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Another Tsarnaev trial is the last thing Boston needs

A courtroom sketch shows Boston Marathon bomber Dzhokhar Tsarnaev during his sentencing in Boston, Massachusetts June 24, 2015.
A courtroom sketch shows Boston Marathon bomber Dzhokhar Tsarnaev during his sentencing in Boston, Massachusetts June 24, 2015.REUTERS

No matter where you stand on capital punishment, the ruling on Friday vacating Dzhokhar Tsarnaev’s death sentence probably came as a shock.

Seven years after Tsarnaev and his late brother attacked this city by bombing the Boston Marathon, their horrendous deeds have come rushing back. For the victims and their families, the ruling raises the likelihood of another trial, this time to decide whether to reimpose the death penalty.

I believe that another Boston Marathon trial is the last thing this city needs. I believe such a trial would bring little in the way of justice, or “closure.” I think it is time for this case to end.

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In setting aside Tsarnaev’s death sentence, a three-judge panel ruled that the original trial judge, George A. O’Toole Jr., did not do enough to screen jurors for impartiality. It turns out that two of the 12 jurors failed to disclose everything they knew about the case before being selected, or had discussed it on social media. The appellate judges found that O’Toole should have questioned the jurors in far greater detail about what they had read or seen in the media which could, in theory, have swayed their decision to vote for death.

I want to pause to note that Tsarnaev will never be released from prison. The only question on the table is whether he will spend the rest of his life in prison or be executed.

By any standard, he and his brother, Tamerlan, committed the most heinous of crimes. If any case calls for the death penalty, it is their act of terrorism on Boylston Street in 2013. The survivors of their heinous deeds have been hailed as heroes among us since the day of the bombing, and rightly so.

And yet, even the families of victims have always been publicly split on the death penalty. That’s not especially surprising, when you consider how deeply divided the public in general is on this issue.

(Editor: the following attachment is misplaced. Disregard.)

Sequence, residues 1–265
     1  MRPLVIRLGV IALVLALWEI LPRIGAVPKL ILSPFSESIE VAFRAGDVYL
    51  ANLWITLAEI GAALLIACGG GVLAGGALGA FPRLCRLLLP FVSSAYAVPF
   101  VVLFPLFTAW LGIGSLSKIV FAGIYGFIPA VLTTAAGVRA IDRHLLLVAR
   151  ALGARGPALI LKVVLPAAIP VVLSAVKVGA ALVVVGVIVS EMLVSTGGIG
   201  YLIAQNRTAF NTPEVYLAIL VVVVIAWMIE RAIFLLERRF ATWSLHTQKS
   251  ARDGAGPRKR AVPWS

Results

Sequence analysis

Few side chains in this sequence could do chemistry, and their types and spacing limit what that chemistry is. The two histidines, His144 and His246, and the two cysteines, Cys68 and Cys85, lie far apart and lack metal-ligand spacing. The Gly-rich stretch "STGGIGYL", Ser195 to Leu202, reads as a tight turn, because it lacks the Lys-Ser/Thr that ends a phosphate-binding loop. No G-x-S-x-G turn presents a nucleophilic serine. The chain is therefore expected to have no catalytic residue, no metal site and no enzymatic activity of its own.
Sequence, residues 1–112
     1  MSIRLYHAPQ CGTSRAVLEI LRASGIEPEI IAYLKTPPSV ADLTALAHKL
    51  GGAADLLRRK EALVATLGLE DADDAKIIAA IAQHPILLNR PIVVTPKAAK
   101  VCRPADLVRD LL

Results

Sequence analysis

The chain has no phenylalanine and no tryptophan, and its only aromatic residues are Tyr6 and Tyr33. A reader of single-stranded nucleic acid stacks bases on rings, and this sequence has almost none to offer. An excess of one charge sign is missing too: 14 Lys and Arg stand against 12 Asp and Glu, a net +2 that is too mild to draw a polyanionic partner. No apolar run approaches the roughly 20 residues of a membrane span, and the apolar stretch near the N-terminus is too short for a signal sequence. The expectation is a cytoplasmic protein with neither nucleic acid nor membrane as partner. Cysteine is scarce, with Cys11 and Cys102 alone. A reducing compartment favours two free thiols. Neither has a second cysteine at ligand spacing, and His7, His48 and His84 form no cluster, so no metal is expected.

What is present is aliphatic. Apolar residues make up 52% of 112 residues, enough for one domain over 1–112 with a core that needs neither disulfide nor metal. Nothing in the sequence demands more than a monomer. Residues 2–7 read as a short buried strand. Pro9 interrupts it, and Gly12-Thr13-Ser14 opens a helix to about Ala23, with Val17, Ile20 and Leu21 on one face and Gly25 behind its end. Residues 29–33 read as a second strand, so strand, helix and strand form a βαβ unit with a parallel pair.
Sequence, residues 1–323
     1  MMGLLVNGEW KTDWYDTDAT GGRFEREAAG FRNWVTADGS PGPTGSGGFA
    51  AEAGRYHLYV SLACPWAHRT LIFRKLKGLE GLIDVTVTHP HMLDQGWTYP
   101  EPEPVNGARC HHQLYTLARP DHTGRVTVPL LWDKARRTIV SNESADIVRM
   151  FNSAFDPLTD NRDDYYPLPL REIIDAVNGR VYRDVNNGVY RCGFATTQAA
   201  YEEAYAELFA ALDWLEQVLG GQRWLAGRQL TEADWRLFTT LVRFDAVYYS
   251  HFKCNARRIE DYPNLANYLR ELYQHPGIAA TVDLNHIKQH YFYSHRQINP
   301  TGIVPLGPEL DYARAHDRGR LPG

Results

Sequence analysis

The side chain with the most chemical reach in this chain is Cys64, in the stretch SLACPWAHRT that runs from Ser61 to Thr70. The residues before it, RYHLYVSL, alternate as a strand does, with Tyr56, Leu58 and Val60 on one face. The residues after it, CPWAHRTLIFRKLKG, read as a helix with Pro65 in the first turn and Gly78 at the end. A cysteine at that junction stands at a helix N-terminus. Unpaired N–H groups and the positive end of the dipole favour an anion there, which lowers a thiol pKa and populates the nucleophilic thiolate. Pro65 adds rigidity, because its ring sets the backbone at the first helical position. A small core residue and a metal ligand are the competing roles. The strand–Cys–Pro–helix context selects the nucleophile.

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The original Tsarnaev trial was gut-wrenching, as victims and witnesses poured out raw pain and emotion from the witness stand. I can’t imagine putting survivors through that agony again.

Given the slow pace of legal maneuvering, a second trial could easily take a year or more to occur. A second conviction would lead to more years of appeals. The gears of justice grind especially slowly in capital punishment cases, often with good reason, because mistakes resulting in execution have no remedy. But in this case, those delays will only ramp up everyone’s suffering.

Legal experts seem to believe that the Trump Justice Department will almost certainly push for the death penalty in this case. It has waged a years-long battle to reimpose a federal death penalty, and this is certainly a tailor-made example of a capital crime.

I’m against the death penalty, in all cases. That’s primarily because I believe the massive amount of evidence that shows it has been unjustly imposed, and does nothing to deter crime. I don’t think there’s any rational argument for it, even if there are powerful emotional ones.

But I think this prosecution should wrap up for another reason. I think the people who want to execute Tsarnaev want a form of justice that no court can deliver.

I believe another jury would impose the death penalty, even if the next trial were moved out of Boston, as some have argued it should be.

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But what does killing Dzhokhar Tsarnaev restore? What does it heal? What score does it even?

I think the most fitting punishment he can receive is the one he already has: to live, year after year, without a glimmer of hope of freedom. To live with his evil deeds in the darkest place society can put him. No more lawyers, no more appeals, just decades of emptiness stretching before him.

We don’t need another trial to tell us who Tsarnaev is, or what he’s done, or what he deserves. We don’t need to relive it. We need him out of sight, and out of mind, forever.


Adrian Walker is a Globe columnist. He can be reached at adrian.walker@globe.com. Follow him on Twitter @Adrian_Walker.